The left is trying to take back centre ground in Europe

By Marc Leijendekker

Many social democrats in Europe are looking at the Dutch election battle with high expectations, hoping Labour leader Job Cohen could reverse the electoral disasters of the last years.

The mood on the left in most European countries is gloomy. The British labour party has been voted out of office after thirteen years. Last September, the German SPD booked its worst results since the Second World War. In France the Parti Socialiste has regained confidence after the good results of the regional elections in March, but the internal division remains great and history shows that presidential elections (due in 2012) are a very different game. Across Europe the centre-left suffered a painful defeat during the elections for the European Parliament last June.

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The left is also a struggling with its message. "Social democracy now has less appeal than at any time since the Second World War, while political conservatism is 'social democratising' itself," said German sociologist and economist Alfred Pfaller.

The French political scientist Philippe Marlière reckons the social democrats have lost ground in Europe almost constantly over the past 50 years, apart from a resurgence in the 1990s. Social democracy is in such crisis that it must fight for its survival, he said. "Has social democracy anything distinctive to say about many of the problems we currently face? No."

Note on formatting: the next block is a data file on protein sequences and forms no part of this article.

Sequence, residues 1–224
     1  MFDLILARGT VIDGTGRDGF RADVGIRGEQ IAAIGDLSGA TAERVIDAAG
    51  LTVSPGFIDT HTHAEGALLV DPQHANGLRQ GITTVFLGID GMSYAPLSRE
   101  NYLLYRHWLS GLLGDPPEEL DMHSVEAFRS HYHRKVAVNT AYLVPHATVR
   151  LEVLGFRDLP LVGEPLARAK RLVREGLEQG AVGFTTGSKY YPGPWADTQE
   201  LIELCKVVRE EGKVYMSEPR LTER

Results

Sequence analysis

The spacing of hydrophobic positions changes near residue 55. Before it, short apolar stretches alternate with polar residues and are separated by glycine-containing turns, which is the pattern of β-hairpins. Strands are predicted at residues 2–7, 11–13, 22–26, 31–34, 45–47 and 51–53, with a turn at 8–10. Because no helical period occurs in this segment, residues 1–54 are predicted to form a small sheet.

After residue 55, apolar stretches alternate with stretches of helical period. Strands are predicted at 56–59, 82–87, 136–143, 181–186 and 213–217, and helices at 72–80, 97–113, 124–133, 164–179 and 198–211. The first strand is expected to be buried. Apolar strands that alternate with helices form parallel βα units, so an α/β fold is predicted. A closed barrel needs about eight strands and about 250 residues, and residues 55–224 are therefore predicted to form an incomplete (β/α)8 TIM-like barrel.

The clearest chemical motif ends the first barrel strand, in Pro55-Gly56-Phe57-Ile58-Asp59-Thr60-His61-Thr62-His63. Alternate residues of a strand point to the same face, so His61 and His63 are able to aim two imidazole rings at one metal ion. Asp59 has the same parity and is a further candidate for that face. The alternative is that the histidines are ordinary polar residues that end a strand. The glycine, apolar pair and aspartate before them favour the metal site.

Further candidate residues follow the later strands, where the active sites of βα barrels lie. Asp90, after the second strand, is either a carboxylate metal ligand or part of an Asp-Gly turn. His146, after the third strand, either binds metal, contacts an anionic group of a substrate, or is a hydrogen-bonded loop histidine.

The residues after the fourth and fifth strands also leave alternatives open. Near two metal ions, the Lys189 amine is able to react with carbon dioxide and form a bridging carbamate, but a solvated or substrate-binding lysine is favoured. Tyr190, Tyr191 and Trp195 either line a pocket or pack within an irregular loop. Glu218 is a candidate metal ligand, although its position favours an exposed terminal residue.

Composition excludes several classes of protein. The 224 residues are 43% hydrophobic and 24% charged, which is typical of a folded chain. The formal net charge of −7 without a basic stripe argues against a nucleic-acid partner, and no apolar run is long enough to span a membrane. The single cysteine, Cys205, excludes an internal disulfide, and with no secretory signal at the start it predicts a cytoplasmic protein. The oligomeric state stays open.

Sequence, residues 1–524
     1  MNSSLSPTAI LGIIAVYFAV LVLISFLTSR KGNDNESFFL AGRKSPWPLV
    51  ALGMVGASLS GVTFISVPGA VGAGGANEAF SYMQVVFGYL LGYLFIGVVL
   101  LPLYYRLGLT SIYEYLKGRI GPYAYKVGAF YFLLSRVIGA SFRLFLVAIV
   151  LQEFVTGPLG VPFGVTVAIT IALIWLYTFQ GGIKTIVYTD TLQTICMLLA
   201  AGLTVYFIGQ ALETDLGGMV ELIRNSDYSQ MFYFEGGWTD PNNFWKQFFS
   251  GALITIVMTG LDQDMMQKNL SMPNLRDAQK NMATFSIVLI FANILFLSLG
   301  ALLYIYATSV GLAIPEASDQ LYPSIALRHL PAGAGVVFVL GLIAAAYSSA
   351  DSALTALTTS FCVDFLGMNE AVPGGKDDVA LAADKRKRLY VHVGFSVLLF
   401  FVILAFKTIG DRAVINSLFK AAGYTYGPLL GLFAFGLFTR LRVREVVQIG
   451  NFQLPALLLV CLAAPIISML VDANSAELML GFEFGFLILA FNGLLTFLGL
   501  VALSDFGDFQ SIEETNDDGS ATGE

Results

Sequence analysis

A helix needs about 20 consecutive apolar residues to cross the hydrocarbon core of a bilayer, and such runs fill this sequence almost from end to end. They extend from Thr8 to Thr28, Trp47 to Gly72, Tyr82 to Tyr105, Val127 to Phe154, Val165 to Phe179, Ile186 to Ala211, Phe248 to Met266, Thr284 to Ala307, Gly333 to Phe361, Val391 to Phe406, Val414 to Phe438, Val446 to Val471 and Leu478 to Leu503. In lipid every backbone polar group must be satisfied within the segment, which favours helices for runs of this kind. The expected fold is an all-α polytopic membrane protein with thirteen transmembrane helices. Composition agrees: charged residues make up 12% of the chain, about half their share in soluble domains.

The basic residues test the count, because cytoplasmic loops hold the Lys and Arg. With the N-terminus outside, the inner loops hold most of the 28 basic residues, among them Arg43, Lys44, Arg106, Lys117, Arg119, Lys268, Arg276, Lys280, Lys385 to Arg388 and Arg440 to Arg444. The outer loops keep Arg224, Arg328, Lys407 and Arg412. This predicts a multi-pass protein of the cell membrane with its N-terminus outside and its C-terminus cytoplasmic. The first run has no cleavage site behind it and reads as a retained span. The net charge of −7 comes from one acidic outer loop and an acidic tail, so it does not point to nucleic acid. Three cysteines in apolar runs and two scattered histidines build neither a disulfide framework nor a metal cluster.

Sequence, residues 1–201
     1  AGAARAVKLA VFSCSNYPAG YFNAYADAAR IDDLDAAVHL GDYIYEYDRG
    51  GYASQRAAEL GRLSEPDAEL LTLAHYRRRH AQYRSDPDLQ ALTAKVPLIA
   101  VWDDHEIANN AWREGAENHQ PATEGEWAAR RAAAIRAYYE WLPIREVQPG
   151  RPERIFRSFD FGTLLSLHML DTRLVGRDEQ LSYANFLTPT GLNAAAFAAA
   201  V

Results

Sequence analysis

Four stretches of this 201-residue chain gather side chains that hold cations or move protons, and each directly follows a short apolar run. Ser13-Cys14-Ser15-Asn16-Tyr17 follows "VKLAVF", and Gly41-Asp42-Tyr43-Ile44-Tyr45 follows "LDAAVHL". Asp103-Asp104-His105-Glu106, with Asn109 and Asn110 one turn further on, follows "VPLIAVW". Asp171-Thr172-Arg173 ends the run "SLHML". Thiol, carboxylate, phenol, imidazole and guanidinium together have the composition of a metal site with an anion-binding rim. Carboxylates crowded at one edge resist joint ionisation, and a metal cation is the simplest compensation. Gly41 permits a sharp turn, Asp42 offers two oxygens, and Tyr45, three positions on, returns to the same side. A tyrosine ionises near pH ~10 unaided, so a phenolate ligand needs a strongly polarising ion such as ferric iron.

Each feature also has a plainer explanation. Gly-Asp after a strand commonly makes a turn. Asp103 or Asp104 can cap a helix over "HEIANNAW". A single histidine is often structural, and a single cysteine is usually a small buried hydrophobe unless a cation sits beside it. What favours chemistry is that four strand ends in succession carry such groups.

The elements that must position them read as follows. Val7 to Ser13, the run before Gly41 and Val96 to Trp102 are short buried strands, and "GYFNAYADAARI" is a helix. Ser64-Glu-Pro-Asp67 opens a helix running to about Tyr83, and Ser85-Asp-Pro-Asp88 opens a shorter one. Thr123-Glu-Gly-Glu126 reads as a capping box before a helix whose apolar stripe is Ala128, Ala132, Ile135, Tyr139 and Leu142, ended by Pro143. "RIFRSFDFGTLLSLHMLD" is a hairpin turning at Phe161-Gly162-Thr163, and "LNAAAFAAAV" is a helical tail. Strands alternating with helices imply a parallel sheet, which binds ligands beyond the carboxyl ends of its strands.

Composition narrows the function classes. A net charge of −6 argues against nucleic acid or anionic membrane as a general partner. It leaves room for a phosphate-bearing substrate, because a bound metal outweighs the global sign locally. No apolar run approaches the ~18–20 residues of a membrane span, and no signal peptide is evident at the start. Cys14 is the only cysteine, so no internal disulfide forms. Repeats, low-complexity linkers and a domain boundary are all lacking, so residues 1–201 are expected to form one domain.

The refrain of 'the vacuum on the left' is heard in many places. It has often been observed how paradoxical it is. The financial crisis has laid bare the faults in an economic model in which free market thinking takes centre stage and the state plays a supporting role. But virtually nowhere in Europe has this crisis led to a shift to the left among the electorate. In some countries centre-right parties have embraced policies that traditionally belonged to the left. French president Nicolas Sarkozy said last year: "The idea that the markets are always right was a ridiculous idea (...) The laissez-faire attitude is over." German chancellor Angela Merkel has been pushing for hedge funds to be curbed, something even the British Conservatives no longer reject out of hand.

Neo-liberal

Another explanation of the paradox is that, in a number of countries, is has been the left that was pushing for the neo-liberal model of 'more market and less state', and therefore for more individual responsibility. When Tony Blair came to power in 1997, he promised a 'third way'. There have been endless theoretical discussions about its ideological meaning. Inpractice it meant that left-wing politicians -- who between 1997 and 2002 were in power in 12 of the then 15 EU member states -- carried out an economic policy traditionally deemed right-wing.

The price for these policies has been growing social inequality. As Blair's minister Peter Mandelson famously said: "We are intensely relaxed about people getting filthy rich, as long as they pay their taxes."

Now Labour is out of 10 Downing Street and the third way has finally been buried. All over Europe, social democrats are trying to formulate a 21st century update for it. An internet website called Social Europe debates 'the Good Society'. Think-tanks affiliated to the Dutch and British Labour parties are collaborating on a long-running discussion programme called the Amsterdam Process, that aims for 'ideological renewal of European Social Democracy'.